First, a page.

Stewart, A. (1996) Revisiting the relative cost-effectiveness of selective serotonin re-uptake inhibitors and tricyclic antidepressants. British Journal of Medical Economics, 10 (3). pp. 203-216. ISSN 0962-1423. (The full text of this publication is not available from this repository)
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In a previous paper (Stewart, 1994) a cost model was constructed to evaluate episodic antidepressant pharmacotherapy, using a tricyclic antidepressant or a selective serotonin reuptake inhibitor. The analysis focused on those patients who were diagnosed and initially treated in the community, by GPs. Alternative drug regimens are compared in terms of expected costs per patient, over a maximum of one year. <p><p><p>The conclusion was that while the cost advantage of TCAs was not as great as is usually inferred from the acquisition cost, there was no clear cost argument demonstrated for switching from TCAs to SSRIs. This paper develops that analysis in the light of the effect of inflation on the unit costs of the resources used in treatment of depressions. The question of interest is whether inflation has a differential impact on the two groups of drugs. <p><p><p>A further effect that is tested is that outlined in a recent paper (Donoghue and Tylee, 1996) evaluating the extent of subtherapeutic prescribing of drugs by GPs. The earlier analysis used clinical data derived from RCTs at therapeutic doses. These figures have been adjusted to allow for those patients receiving ineffective doses of drugs, with efficacies being adjusted to assume that those on subtherapeutic doses show only placebo level responses. All figures are based on published meta-analyses for the two groups of drugs. <p><p><p>The basic answers to the two questions are that in the former case, tackling the question of inflation, there is a shift in favour of SSRIs as a cost-effective option. Inflation has been slightly negative in drug acquisition costs, the area where TCAs showed a significant advantage before, but has been positive in other resource areas, where TCAs result in higher resource usage. The net effect is that the expected costs of TCAs showed a higher level of inflation. The latter case, adjusting for subtherapeutic doses has a significant effect in shifting the balance in favour of using SSRIs. <p><p><p>These two categories of change illustrate that decision analysis models represent only a snapshot of clinical knowledge and hence should be updated at intervals. They also represent a snapshot of the costs structure, providing what is possibly a more economically significant reason why they should be updated.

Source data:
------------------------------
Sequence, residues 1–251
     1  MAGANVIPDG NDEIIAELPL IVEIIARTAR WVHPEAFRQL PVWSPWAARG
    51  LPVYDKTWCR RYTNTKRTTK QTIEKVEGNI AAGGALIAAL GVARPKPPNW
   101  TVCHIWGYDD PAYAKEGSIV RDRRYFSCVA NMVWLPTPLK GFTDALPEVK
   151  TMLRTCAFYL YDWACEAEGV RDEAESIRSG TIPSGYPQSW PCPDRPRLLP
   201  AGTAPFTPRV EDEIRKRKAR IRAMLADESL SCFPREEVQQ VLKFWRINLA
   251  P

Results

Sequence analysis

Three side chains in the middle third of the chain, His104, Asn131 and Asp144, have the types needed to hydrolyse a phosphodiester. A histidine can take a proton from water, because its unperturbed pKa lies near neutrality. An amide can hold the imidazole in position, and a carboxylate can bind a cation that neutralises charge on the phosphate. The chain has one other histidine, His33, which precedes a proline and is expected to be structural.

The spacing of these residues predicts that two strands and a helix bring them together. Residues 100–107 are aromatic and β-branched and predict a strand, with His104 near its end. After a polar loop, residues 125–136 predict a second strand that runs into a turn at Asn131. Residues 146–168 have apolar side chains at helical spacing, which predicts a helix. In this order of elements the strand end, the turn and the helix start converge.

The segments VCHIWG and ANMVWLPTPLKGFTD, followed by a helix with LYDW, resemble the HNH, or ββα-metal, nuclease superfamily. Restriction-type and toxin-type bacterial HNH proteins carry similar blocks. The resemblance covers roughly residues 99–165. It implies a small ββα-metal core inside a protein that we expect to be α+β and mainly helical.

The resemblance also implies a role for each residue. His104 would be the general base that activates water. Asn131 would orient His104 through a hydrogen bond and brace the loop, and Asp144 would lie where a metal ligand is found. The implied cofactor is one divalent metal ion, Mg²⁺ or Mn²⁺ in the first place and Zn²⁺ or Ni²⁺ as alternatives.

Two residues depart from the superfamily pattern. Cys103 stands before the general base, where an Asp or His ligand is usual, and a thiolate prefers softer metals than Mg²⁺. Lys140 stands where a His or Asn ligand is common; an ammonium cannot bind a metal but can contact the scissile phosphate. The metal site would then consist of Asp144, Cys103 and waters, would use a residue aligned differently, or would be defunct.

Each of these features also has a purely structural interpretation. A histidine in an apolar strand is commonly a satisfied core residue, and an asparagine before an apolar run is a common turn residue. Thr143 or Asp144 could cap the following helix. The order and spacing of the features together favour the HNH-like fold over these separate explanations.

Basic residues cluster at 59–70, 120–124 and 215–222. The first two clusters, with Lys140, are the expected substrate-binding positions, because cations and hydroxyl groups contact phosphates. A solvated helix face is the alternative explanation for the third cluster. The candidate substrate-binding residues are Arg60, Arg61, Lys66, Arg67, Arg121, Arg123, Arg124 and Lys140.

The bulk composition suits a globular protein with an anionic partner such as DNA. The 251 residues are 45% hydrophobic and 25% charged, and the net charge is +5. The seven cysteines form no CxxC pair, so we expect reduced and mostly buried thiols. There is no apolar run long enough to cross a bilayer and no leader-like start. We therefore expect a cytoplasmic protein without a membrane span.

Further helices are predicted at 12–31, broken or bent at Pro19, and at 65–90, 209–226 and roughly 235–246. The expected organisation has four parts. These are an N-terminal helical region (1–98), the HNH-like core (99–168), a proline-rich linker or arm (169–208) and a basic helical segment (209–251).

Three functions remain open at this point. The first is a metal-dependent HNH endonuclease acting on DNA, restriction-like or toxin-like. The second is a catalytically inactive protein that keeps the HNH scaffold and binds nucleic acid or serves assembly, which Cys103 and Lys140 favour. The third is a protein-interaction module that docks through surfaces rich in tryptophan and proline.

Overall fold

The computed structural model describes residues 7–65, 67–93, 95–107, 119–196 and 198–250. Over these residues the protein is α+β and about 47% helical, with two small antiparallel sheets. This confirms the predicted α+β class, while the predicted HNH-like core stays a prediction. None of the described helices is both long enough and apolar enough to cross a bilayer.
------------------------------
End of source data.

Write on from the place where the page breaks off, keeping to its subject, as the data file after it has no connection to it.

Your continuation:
|Divisions:||Faculties > Social Sciences > School of Social Policy Sociology and Social Research > Personal Social Services Research Unit|
|Depositing User:||Rosalyn Bass|
|Date Deposited:||20 May 2011 14:52|
|Last Modified:||20 May 2011 14:52|
|Resource URI:||https://kar.kent.ac.uk/id/eprint/26999 (The current URI for this page, for reference purposes)|